English Standard Version
but let me lie with my fathers. Carry me out of Egypt and bury me in their burying place.” He answered, “I will do as you have said.”
King James Bible
But I will lie with my fathers, and thou shalt carry me out of Egypt, and bury me in their buryingplace. And he said, I will do as thou hast said.
American Standard Version
but when I sleep with my fathers, thou shalt carry me out of Egypt, and bury me in their burying-place. And he said, I will do as thou hast said.
But I will sleep with my fathers, end thou shalt take me away out of this land, and bury me in the burying place of my ancestors. And Joseph answered him: I will do what thou hast commanded.
English Revised Version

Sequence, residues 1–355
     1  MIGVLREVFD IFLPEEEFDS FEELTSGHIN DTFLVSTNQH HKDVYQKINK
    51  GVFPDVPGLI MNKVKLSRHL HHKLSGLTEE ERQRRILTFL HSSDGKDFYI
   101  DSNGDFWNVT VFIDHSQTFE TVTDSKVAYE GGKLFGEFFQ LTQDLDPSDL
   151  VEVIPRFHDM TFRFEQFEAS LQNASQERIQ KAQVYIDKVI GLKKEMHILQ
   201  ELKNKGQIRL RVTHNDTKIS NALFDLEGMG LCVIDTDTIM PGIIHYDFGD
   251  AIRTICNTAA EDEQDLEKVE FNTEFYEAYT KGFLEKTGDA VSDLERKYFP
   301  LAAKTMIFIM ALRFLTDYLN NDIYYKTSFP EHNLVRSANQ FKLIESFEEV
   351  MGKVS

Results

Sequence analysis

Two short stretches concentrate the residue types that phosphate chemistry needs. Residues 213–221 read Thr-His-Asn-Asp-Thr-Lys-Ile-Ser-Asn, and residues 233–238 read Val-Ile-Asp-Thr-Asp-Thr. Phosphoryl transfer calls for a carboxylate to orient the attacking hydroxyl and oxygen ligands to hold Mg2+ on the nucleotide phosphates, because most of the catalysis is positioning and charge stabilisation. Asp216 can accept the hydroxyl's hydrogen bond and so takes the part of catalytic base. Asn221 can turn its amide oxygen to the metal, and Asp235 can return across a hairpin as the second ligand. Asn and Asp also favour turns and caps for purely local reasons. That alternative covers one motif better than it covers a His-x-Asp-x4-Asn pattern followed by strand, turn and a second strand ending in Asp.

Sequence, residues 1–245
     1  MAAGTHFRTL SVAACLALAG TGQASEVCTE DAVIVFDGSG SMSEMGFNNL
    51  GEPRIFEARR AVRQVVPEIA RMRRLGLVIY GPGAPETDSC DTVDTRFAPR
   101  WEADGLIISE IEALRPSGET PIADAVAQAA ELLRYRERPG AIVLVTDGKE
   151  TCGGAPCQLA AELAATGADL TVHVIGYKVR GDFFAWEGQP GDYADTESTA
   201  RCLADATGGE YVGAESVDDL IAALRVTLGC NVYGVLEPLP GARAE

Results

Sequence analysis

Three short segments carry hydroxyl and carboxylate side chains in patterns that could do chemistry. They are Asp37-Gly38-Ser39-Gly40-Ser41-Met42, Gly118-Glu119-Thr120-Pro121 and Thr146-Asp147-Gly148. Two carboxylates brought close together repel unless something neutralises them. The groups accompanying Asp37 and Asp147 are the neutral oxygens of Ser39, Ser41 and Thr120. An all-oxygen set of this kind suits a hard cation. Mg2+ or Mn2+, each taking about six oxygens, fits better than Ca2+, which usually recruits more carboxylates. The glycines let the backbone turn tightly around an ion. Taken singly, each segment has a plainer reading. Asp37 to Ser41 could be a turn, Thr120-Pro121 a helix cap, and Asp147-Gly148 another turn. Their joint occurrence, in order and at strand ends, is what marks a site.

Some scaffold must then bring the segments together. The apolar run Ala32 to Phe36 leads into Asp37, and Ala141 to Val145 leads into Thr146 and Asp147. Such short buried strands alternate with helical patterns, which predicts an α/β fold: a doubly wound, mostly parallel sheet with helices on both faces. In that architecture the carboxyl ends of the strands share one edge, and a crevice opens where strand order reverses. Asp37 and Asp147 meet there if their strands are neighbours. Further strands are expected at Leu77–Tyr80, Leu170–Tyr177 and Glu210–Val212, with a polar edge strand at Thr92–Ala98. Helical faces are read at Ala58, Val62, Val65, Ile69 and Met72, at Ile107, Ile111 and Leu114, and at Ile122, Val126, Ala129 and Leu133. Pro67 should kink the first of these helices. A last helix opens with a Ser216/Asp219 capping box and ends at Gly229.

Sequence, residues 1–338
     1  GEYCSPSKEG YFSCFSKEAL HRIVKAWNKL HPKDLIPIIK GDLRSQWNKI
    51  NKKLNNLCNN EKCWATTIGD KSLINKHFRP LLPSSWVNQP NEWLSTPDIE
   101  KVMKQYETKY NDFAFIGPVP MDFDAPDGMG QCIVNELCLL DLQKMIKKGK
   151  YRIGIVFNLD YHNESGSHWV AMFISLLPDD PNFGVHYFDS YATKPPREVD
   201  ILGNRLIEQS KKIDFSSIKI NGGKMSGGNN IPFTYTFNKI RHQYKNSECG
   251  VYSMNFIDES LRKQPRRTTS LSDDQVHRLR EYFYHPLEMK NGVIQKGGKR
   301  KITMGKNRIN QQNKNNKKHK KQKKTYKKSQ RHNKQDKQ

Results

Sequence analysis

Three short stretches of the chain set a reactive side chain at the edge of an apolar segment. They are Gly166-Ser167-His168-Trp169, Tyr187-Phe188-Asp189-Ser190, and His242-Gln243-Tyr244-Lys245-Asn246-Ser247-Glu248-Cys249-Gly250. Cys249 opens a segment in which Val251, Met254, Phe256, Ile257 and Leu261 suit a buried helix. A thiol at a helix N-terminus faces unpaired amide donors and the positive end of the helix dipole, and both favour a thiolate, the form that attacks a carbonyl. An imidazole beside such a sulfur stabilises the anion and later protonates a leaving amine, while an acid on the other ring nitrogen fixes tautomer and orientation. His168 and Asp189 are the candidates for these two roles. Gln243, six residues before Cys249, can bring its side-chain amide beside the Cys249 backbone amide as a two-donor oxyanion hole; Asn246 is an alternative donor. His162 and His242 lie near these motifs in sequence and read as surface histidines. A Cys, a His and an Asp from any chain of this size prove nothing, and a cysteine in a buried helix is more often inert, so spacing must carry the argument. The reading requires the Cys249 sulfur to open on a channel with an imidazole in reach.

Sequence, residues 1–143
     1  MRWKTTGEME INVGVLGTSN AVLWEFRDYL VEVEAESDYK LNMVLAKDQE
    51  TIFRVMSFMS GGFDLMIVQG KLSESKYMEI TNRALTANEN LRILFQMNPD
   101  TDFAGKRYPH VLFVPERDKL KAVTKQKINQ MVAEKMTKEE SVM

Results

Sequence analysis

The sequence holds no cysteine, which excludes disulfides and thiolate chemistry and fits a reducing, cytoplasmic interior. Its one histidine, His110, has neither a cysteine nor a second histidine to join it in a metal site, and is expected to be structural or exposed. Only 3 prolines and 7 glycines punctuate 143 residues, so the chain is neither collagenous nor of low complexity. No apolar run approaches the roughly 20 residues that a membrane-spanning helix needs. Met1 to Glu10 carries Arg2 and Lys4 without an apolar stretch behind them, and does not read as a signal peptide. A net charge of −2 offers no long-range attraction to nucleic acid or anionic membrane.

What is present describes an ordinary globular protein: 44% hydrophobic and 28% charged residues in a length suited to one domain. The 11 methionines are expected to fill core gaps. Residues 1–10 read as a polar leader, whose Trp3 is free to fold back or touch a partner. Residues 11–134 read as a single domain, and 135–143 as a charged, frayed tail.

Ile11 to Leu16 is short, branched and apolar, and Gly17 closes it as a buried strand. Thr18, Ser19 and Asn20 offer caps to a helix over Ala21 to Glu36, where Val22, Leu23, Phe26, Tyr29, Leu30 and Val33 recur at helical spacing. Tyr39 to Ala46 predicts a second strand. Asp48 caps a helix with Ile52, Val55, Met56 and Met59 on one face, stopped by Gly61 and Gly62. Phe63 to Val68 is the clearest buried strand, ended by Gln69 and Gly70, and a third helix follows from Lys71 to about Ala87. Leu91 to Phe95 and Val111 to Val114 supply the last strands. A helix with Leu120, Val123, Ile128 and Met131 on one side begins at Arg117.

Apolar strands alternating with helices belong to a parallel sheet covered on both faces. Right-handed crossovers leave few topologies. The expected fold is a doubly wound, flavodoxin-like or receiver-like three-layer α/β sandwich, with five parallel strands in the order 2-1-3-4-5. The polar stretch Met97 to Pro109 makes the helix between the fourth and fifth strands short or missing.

but when I sleep with my fathers, thou shalt carry me out of Egypt, and bury me in their buryingplace. And he said, I will do as thou hast said.
Webster's Bible Translation
But I will lie with my fathers, and thou shalt carry me out of Egypt, and bury me in their burying-place. And he said, I will do as thou hast said.
Genesis 47:30 Parallel
CommentaryKeil and Delitzsch Biblical Commentary on the Old Testament
Then Joseph said to the people: "Behold I have bought you this day and your land for Pharaoh; there have ye (הא only found in Ezekiel 16:43 and Daniel 2:43) seed, and sow the land; and of the produce ye shall give the fifth for Pharaoh, and four parts (ידת, as in Genesis 43:34) shall belong to you for seed, and for the support of yourselves, your families and children." The people agreed to this; and the writer adds (Genesis 47:26), it became a law, in existence to this day (his own time), "with regard to the land of Egypt for Pharaoh with reference to the fifth," i.e., that the fifth of the produce of the land should be paid to Pharaoh.